William Tyndale is a hero of mine. If you have read this site for any length of time, you already know this, for just a few weeks ago I reviewed a DVD that featured an interview with David Daniell, a prominent Tyndale expert. Having watched this DVD presentation, and being intruiged by Daniell’s knowledge of his subject, I knew I would have to read his biography of William Tyndale.
Considering the importance of his contribution, both to Christianity and to the English language, there are surprisingly few biographies written about William Tyndale. In the introduction to this biography, Daniell claims that “there has not been a full-scale study of him for nearly sixty years, since J.F. Mozley’s biography of 1937.” This leads him to conclude that “there is need for something more modern, especially as the quincentenary of Tyndale’s birth in 1494 is widely celebrated.” Of course this date passed some twelve years ago, for this volume was printed in 1994. Daniell fills this need with William Tyndale: A Biography.
The outline of Tyndale’s life is well-known. He was, as you may know, a brilliant man who was the first to make and print a translation of the Scriptures from the Greek into English. His translation formed much of the basis for what was to become the King James version. In that way, his work continues to be in use today and is still precious to many believers. Of lesser significance, many of the words and phrases he coined, such as my brother’s keeper, passover and scapegoat are still in use, even five centuries later. He dedicated his life to the great work of translation which eventually totalled all of the New Testament and the first two sections of the Old. He gave his life for the privilege of translating Scripture and was eventually martyred for the “sin” of giving the Scriptures to the common man in a common language. It is a great tragedy that his life was taken before he was able to complete the remaining books of the Old Testament and, in particular Proverbs, Psalms and other books of poetry.
Surprisingly, for a man of his stature, relatively little is known about Tyndale, for he spent many years of his life toiling in secrecy and obscurity. This book represents a compilation and analysis of most of the important facts available to historians. Many gaps remain, but it seems unlikely that we will ever know significantly more than we do today.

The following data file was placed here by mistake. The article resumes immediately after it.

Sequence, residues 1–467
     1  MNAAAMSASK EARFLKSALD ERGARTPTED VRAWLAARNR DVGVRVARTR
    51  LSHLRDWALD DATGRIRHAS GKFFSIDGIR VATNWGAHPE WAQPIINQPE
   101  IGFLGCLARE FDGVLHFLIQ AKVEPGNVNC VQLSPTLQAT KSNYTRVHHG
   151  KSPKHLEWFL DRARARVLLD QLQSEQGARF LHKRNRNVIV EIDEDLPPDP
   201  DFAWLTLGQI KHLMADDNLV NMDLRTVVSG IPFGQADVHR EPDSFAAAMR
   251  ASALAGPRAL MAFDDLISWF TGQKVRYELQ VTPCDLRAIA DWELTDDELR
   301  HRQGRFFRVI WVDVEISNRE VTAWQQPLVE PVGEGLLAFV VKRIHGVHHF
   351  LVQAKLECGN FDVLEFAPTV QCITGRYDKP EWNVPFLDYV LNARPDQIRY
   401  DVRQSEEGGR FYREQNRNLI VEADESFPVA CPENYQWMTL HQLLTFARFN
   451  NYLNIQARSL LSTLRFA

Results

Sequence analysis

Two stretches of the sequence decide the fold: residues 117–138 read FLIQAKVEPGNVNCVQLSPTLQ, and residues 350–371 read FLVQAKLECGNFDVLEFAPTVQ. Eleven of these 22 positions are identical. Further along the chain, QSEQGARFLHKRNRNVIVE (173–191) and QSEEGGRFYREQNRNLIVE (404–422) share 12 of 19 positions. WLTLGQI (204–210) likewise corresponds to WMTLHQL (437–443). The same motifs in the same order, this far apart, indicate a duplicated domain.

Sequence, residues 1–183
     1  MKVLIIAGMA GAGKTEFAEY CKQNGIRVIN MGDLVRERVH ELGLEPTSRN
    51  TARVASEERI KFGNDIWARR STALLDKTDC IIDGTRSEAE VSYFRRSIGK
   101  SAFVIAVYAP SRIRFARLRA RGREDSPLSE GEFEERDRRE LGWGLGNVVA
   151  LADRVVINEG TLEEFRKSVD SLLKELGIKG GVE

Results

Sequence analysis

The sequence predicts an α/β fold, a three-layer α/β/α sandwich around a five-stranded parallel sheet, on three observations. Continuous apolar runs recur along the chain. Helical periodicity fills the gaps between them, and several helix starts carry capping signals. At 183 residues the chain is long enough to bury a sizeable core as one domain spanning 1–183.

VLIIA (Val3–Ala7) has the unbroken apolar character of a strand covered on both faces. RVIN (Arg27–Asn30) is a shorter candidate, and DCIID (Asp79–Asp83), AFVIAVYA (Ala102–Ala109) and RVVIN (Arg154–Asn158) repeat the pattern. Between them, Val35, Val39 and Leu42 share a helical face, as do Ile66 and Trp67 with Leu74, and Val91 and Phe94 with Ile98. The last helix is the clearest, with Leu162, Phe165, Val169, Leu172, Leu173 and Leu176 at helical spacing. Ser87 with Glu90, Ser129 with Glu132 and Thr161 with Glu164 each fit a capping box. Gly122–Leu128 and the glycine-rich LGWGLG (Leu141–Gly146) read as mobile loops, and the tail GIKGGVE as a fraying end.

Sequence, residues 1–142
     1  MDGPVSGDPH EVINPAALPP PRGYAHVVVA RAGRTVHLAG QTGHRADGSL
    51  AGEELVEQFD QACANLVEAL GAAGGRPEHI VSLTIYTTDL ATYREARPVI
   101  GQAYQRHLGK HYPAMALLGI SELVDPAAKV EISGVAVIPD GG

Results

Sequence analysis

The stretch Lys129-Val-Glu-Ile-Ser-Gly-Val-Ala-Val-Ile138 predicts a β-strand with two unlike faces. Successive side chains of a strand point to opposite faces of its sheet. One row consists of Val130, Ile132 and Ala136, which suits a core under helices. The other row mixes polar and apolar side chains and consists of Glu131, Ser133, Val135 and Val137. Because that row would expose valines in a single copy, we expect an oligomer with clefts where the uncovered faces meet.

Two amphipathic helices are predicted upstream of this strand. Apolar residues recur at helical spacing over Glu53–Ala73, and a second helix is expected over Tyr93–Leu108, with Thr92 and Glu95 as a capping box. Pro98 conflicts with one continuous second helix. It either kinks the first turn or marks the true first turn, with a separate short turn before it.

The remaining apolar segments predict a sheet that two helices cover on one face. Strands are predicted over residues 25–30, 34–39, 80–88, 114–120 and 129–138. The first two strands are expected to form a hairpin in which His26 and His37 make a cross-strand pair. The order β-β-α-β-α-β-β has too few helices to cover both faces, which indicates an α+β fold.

Perhaps the best way of describing this biography is “thorough.” This is not a book for the feint-of-heart. While it is only slightly over 400 pages, it is, nonetheless, very thorough and sometimes tough-going. Thankfully, Daniell is a capable writer and he does a very satisfying job of making relevant even what may seem, at first glance, to be mundane. Beyond merely relaying the facts of his subject’s life, the author expends great effort in understanding the sources Tyndale used for his translation and the results of his dependence upon particular texts. He examines particular words and phrases Tyndale chose to use, showing him to be a master communicator with a gift for expressing himself with great clarity. He describes even the religious and social implications that arose because of Tyndale’s work. Truly Tyndale’s influence extended far beyond a simple translation of the Bible.
I was particularly glad to see that Daniell endeavoured to present Tyndale as something more than merely the opponent of Sir Thomas More. Tragically, More has gone down in history as a noble and just man, but the reality is that he was anything but. He proved his lack of character time and again through his bitter hatred of William Tyndale. There is much more to the life of Tyndale than his ongoing confrontations with More and Daniell is careful to document this.
William Tyndale: A Biography was as thorough and interesting a biography as I could hope to read. It was not always easy to read, but it was well worth the effort. I would not hesitate to recommend it.